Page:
I was very taken by Dr Nick Lane’s way of talking about the origins of life. He was on The Life Scientific this week spinning tales of under-sea hydrothermal vents, soap bubbles, and how bacteria are excellent chemists.
Biology is going through an informational revolution right now, but I wonder if we are losing sight of the forest for the trees. Genes have given unprecedented insights into the history of life on earth, yet they don’t seem to explain its trajectory. I think we’ve overlooked one of the key facets of living: energy … the peculiar mechanism by which cells actually extract energy from the world around them, generating an electrical charge around the cell with the strength of a bolt of lightning.
A few of us suspect that the answer to life, the universe and everything lies in the interplay of energy and genes. That bringing energy into the equation can potentially explain the whole trajectory of evolution, from the origins of life to the strange properties of complex organisms, whether pond scum or humans…
…People read books on cosmology and quantum physics, hoping to have their minds blown…But biology is too often considered a soft subject… Yet nothing could be further from the truth! All the best problems in physics are now in biology. Life is astonishing, biology is hard, and nature is mind blowing.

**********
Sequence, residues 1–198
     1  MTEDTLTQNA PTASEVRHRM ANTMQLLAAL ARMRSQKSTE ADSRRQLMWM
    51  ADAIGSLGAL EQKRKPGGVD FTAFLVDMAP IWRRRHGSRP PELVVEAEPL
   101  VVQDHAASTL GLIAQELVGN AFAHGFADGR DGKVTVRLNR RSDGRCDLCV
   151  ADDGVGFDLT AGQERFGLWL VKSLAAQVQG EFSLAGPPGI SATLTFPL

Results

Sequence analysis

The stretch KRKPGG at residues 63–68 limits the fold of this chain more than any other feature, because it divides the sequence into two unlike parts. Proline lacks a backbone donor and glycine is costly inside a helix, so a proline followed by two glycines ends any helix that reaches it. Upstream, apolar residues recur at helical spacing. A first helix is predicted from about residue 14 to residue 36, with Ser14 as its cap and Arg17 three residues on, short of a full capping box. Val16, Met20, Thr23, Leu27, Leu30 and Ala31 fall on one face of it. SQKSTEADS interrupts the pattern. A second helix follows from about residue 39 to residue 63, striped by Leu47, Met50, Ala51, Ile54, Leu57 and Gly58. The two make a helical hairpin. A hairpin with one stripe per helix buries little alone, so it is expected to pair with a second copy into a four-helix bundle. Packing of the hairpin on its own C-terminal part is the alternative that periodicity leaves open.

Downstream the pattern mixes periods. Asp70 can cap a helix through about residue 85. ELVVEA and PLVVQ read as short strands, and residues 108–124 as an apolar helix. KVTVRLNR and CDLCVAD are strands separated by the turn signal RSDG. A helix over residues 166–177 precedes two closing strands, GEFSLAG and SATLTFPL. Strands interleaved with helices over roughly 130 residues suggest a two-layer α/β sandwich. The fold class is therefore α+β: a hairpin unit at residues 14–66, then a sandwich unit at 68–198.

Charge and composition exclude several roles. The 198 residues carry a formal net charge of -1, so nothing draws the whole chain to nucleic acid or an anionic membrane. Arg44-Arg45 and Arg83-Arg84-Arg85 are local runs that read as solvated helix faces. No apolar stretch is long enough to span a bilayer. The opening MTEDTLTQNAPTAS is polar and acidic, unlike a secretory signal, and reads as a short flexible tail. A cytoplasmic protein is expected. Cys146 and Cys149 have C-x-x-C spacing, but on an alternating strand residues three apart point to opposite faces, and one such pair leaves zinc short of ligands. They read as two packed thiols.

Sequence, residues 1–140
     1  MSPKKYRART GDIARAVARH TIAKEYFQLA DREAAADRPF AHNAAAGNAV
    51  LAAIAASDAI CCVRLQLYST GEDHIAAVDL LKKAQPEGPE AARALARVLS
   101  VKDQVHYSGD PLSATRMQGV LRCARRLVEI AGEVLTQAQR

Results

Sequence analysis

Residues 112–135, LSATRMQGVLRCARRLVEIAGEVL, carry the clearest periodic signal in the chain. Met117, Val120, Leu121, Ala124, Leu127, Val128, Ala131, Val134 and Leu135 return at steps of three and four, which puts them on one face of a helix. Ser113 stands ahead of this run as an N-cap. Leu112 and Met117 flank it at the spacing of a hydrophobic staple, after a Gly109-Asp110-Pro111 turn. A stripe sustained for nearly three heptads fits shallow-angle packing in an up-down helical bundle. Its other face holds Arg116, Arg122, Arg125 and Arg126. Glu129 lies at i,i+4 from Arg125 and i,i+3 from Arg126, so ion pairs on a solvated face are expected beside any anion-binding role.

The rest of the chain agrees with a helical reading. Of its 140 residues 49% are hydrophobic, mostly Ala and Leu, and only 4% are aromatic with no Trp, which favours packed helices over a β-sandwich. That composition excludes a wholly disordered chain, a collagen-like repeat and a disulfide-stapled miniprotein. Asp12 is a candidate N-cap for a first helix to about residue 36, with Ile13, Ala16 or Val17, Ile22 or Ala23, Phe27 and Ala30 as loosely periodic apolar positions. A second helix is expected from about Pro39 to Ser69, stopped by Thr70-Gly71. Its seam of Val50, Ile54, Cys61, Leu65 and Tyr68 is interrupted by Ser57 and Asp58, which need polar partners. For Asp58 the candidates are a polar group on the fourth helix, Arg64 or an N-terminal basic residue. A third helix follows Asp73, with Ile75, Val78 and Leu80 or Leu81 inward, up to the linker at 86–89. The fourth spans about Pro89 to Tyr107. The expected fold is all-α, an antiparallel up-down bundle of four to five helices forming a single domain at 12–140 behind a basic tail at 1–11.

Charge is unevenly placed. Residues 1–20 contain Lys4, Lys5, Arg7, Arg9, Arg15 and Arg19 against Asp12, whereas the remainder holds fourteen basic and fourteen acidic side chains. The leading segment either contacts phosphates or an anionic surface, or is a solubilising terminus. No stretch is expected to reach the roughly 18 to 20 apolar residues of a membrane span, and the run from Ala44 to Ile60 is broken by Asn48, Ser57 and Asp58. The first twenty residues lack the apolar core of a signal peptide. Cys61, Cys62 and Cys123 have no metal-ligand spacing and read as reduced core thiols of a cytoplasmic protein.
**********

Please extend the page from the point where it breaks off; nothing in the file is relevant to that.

Meanwhile on Wednesday night I was out meeting and listening to presentations from the good people of Maastricht University’s Science Programme (MSP). My particular interest was in that Informational Revolution that Nick Lane mentions in his quote, in the subject of Systems Biology which happily seems to combine all my favourites (even knitting!?) in one academic discipline. Pretty pictures of networks to keep your attention:
The gist of it is that there’s a lot of data coming in (think of brain scans, genome sequencing, big data on ‘lifestyle’ from smartphones…) and mathematical modellers with an interest in biology and complexity are urgently needed to get to grips with all of it. I want to do this!